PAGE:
a resource for Christian women and church leaders
on abuse and family law issues
Table of Contents
• Abuse .................................................................................................................4
• What are the Different Types of Abuse? ......................................................4
• Family Breakdown ...........................................................................................6
• Changes to Family Law ...................................................................................7
For Women: Legal Information .............................................................9
• The Basics .........................................................................................................9
• Getting Help from the Law to Deal with Abuse .......................................10
• Finding a Lawyer ............................................................................................14
• Marriage and Divorce ....................................................................................16
• What are Domestic Contracts? ....................................................................19
• Custody and Access .......................................................................................21
• Child and Spousal Support ..........................................................................27
• How Property is Divided in Family Law ....................................................34
• Alternative Dispute Resolution ....................................................................36
• More on Family Law Arbitration .................................................................40
• Child Protection and Family Law ................................................................43
• Family Law Issues for Immigrant, Refugee,
and Non-Status Women ................................................................................46
For Women and Leaders: Resources ................................................50
• Leaders Opening the Dialogue ....................................................................50
• How You Can Respond as an Individual.....................................................51
• Community Help for Ontario Women .......................................................53
This handbook could not have been created without the support of
Christian women who participated in several focus groups and surveys.
METRAC is thankful for their time and energies, and for sharing their
needs and ideas with us. We thank the organizations, churches, and church
leaders who helped us create this handbook by writing letters of support,
providing valuable feedback, and opening up church space for focus
groups. This includes Applecreek Seventh Day Adventist Church (Carrol
Daly-Thom and Estrianna Kelly) and Black Creek Community Health
Centre (Jackeline Barragan), amongst others.
METRAC is grateful to the Ontario Government for providing the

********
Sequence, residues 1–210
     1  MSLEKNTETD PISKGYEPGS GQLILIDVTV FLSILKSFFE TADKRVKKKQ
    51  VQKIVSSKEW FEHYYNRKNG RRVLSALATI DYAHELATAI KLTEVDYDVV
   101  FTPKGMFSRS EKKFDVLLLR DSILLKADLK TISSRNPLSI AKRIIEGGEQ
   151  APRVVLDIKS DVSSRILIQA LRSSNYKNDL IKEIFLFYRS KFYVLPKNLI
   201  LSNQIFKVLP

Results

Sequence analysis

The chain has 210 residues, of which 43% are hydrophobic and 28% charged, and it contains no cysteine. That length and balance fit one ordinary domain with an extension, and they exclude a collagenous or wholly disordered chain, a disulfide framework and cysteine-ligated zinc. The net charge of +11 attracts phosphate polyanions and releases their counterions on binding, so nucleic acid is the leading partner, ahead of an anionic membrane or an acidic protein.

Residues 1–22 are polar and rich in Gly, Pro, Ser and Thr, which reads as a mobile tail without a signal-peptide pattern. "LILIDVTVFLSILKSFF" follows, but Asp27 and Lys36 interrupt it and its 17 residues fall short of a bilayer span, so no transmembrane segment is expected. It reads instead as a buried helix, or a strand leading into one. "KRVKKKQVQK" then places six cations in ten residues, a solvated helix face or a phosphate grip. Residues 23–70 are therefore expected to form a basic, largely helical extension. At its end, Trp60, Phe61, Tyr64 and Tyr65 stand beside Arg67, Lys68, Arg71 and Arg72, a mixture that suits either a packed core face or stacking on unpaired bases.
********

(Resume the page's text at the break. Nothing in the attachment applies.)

funding to the Family Law Education for Women (FLEW) Project, which
has enabled us to produce this handbook. Great thanks are also extended
to members of the management committee of the FLEW Project for
their substantive work in developing the legal documents adapted by
METRAC in the creation of this resource.
We acknowledge the contributions of METRAC staff, Andrea Gunraj and
Wendy Komiotis, in working collaboratively on this project, from the
beginning to end, and we thank Zahra Dhanani who later joined the
project and helped bring it to successful completion. Claudette Clarke also
deserves special praise for conducting outreach and running focus groups
and consultations with Christian faith communities.
This handbook is for women who are involved in Christian communities.
It is also for church leaders. Leaders can be pastors and elders; deacons;
church board members; ministry leaders (e.g. children and youth
ministries, women’s ministries, men’s ministries); Sunday school teachers;
and small group leaders.
This handbook provides information on how Ontario’s family law can
affect women and children in situations of family breakdown, especially in
the case of women who have faced or are facing abuse at home. It
provides definitions of abuse as well as resources on how to address it.
We created this handbook in close consultation with church leaders and
Christian women. A lot of the material was actually written by a Christian
woman who is a ministry leader at her church. It’s designed to give an
accurate picture of the law and the different forms of abuse we need to
be aware of.
Family law covers many legal issues, some of which may not always match
Christian perspectives on relationships and family dynamics. But in order
to provide as much relevant information as possible, those laws and an
analysis of how they can affect women have been included in this
handbook. Our hope is that the information will help you support sister
church members in difficult circumstances.
Love must be sincere. Hate what is evil; cling to what is good. (Romans 12:9)
Most of us know women who have been abused. Canadian statistics show
that one-half (50%) of women experience sexual or physical violence in
their lifetimes (Statistics Canada, 1993). Although anyone can be abused,
victims of domestic violence are most often women and girls, and the
violence is most often done by men they know and trust (Statistics
Canada, 2006). Research shows that children often see the abuse